Marie, a sixteen-year-old girl whose home was destroyed during the earthquake that shook an already unstable Haiti in January 2010, has weathered more than her share of storms — and life challenges.The first in her family to complete middle school, she was studying for her high school entrance exams when the tropical storms hit last summer. The home her family had worked hard to rebuild began to crumble as the winds and rain raged around them; there had not been enough money to buy the cement to hold the cinder blocks together. The young woman saw the walls collapsing — right over her younger brother, and dove to protect him. The debris crushed her spine, rendering her paraplegic.
She was rushed to the St. Philomena Hospital in Port-au-Prince. Local and volunteer physicians — neurologist Anthony Alessi, MD, among them — communicated with their affiliates at the Mayo Clinic in Rochester, MN, where Marie was transferred and is still being treated — though she likely won't ever regain full movement in her limbs.
Dr. Alessi, who has a private practice in Norwich, CT, has now made ten trips to Haiti since the earthquake hit, and he and colleagues continue to see many patients like Marie — young and old. Most have been injured physically and emotionally by the natural disasters that have ravaged the country in recent years, he explained. The immense poverty he has observed there and the shaky infrastructure for health services compel him to return again and again to the poorest country in the Americas. (Read more about Dr. Alessi's work in Haiti here: http://bit.ly/m5jujQ.)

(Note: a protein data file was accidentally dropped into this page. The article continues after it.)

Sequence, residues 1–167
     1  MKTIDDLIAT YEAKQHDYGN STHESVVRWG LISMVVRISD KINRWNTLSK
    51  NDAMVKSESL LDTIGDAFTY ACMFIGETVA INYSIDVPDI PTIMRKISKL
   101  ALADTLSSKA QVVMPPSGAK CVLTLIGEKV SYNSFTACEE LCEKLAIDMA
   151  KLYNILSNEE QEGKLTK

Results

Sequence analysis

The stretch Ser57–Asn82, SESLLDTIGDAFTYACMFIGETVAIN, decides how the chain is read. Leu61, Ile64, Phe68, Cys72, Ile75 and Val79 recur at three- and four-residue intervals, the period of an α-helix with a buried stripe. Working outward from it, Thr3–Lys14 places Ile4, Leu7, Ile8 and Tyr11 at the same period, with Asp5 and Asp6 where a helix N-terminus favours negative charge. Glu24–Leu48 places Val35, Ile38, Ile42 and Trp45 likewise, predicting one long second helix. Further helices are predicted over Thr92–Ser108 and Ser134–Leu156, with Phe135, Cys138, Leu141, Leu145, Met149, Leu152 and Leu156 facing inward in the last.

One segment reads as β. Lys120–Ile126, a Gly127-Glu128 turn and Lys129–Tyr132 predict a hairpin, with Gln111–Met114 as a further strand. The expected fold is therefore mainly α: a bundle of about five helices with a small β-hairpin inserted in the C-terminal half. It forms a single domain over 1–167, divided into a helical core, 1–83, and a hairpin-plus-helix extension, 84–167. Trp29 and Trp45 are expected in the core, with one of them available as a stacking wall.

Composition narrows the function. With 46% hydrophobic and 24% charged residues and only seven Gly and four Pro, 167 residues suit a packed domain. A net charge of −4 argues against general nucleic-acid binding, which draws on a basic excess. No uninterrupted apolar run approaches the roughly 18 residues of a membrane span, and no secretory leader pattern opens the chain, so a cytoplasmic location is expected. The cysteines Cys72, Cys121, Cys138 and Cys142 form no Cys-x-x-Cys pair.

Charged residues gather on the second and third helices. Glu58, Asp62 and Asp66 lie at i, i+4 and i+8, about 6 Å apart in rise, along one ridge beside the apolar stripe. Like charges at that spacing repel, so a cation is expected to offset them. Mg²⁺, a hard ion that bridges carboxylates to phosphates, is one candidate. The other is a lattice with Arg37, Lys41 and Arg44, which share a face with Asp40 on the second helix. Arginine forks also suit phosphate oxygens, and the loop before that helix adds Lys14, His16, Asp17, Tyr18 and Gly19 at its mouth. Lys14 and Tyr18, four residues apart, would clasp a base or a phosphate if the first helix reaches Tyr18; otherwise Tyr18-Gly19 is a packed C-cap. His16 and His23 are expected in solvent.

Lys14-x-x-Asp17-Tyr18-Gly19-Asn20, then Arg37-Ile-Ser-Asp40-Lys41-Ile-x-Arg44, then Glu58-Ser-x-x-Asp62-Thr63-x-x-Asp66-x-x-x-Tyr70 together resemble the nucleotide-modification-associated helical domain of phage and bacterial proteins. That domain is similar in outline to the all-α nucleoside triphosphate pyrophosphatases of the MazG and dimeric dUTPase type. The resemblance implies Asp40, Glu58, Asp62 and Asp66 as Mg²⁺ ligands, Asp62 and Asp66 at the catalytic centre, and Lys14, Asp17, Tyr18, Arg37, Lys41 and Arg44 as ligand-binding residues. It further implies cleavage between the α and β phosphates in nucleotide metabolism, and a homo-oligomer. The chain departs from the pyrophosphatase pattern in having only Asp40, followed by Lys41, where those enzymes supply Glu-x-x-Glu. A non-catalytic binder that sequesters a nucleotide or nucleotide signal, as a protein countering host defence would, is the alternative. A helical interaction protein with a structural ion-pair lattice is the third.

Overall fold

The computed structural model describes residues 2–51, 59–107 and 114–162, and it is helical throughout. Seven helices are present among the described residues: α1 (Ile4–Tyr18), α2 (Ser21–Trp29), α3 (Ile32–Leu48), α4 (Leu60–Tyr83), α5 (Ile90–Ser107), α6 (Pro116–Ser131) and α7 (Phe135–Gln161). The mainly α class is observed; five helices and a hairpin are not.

Since the earthquake, “it's really been interesting for me to first observe the disaster phase and now the recovery phase and what the progress has been.” He returns often to Saint Damien Hospital, a pediatric hospital in Port-au-Prince. The 80-patient pediatric facility, which had strained to meet the needs of 250 adult patients after the earthquake, now has an adult trauma center and a rehydration center for patients with cholera, made possible with donations after the earthquake.
CURRENT CONDITIONS, PROGRESS
The rubble is starting to be cleared away, but in terms of “meaningful construction,” Dr. Alessi said, we're not seeing much of that. And there are hundreds of thousands still living in tent camps, “where disease breeds and violence breeds, and there's frustration, there's rape; there are so many problems going on in the tent camps.” And that's a major barrier to recovery that has not been addressed yet.
Another concern: In all of Haiti, there are only two neurologists — one pediatric and one adult — and both are in Port-au-Prince, Dr. Alessi said. From Jeremie, Haiti, where Dr. Alessi stayed for a period, some patients have to make the 140-mile trek, a 12-hour journey, to receive neurological care.